Russian seals will increase the attractiveness of the Silk Road. Also for road carriers.

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Artur Lysionok

Artur Lysionok

Russian seals will increase the attractiveness of the Silk Road. Also for road carriers.

In the next few weeks, Russia will implement a sealing system for containers transported between the European Union and China in transit through the Federation. This will allow for the delivery of goods covered by the Russian embargo to Asia. The system will also contribute to increasing the flow of cargo on routes to the EU and shortening delivery times.

According to Russian Railways data, the number of containers transported in transit through Russia on China-EU routes amounted to 553,000 TEU in 2018. Compared to 2017, this means an increase of 34%. This year it will be over 600,000 TEU, and by 2025 it is expected to reach 1.7 million TEU. In comparison, only 44,000 TEU were transported in 2014.

Such strong growth is the result of the economic and political changes in China. Raw materials are being transported less frequently and the number of highly capital-intensive cargoes, i.e. those for which there is the greatest demand in Europe, is increasing. Developed high-capacity land connections help China to gain a competitive advantage in transporting these valuable products. For this reason, Asian companies are seeking to expand their infrastructure and are investing in corridors and solutions that can help optimise delivery times and reduce costs.

Uniform cargo monitoring system

One of such solutions is a container sealing system. It aims to shorten the time of cross-border deliveries, make transport more transparent, increase control over the cargo transported and guarantee customs duties. The system is also intended to make transit through the Eurasian Economic Union (EAUG) more attractive, in particular through Russia, which still maintains its embargo on Western goods.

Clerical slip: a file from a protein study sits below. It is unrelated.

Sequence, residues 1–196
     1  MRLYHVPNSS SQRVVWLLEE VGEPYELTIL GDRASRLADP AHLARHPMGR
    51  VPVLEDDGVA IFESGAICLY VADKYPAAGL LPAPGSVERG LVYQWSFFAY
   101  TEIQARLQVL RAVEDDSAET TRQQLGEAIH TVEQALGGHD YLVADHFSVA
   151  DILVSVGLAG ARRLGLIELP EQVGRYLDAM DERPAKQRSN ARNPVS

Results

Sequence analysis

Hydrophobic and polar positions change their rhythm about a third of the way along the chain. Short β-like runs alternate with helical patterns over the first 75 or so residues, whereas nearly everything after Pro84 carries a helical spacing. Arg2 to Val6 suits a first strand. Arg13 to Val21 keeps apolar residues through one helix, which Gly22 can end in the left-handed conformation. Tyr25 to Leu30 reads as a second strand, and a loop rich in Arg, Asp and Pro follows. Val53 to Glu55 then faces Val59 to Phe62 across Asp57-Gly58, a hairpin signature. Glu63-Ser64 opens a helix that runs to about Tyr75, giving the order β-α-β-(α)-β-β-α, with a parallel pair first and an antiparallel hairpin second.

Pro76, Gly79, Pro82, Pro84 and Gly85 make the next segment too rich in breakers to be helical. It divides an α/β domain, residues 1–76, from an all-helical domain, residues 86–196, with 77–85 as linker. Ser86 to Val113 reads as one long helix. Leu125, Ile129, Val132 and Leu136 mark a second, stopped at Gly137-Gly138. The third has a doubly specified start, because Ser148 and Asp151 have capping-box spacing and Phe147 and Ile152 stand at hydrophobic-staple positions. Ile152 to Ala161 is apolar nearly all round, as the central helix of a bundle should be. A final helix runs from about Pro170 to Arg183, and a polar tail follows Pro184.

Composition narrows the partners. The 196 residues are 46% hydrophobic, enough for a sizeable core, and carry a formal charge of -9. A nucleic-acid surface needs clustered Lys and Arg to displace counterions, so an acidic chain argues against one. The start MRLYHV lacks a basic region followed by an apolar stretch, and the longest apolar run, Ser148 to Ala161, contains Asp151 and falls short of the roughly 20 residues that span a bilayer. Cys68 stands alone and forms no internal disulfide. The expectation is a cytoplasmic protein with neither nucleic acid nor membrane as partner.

The container monitoring system is to be used in the entire transport system of the Russian Federation and the partner countries, including road transport. Electronic seals monitor the condition of the load from the moment the device is installed to the moment it is dismantled. Sensors transmit data on the condition of a container or semi-trailer to the system. They track the speed, stops, delivery time, unplanned opening and, in the case of trucks, traffic collisions and parking.

Sirius Russian seals, commercially available / Photo.

In the case of goods supplied from China, this is quite important as it involves the customs structures of China, Armenia, Kazakhstan, Russia, Belarus and the European Union. In order to harmonise the procedures, the so-called Consortium of sealing operators from the EEU countries (Eurasian Economic Union) was established, which includes operators from Kazakhstan, Armenia, Kyrgyzstan, Russia and Belarus. Each of the individual operators is responsible for:

– monitoring of transit data by means of electronic seals,

– providing carriers with the necessary amount of monitoring equipment,

– transmission of data to authorised government bodies,

– settlement of monitoring services with logistics operators and carriers.

Members of the Consortium are bound by uniform requirements for monitoring equipment, services and billing systems. The value of the service will be shared among the participants of the Consortium in proportion to the transit kilometres in each country. In Russia, the sealing system operators include Russian Railways and the Płaton toll collection system.

How does it work in practice?

The consolidation of production and subsequently of cargo will take place at the transport and logistics hub in China. The goods will be loaded into containers, then customs clearance and installation of monitoring equipment will take place. The cargo will be transported to the Chinese border, and then – without stops and checks – it will cross the borders of Kyrgyzstan, Kazakhstan, Russia, Belarus and go through Poland to a logistics hub in Germany. There, the seals will be dismantled and the cargo will be transferred to trucks, which will deliver them to the final recipient.

Such optimisation will significantly improve the quality of deliveries. Transit time has been significantly reduced in the last three years for particular sections (e.g. the goods from China can reach Moscow within 5 days, and Germany within 11 days). Freight rates have also fallen – since 2016, the cost per FEU has fallen by an average of 29%, from €3,100 to €2,200.

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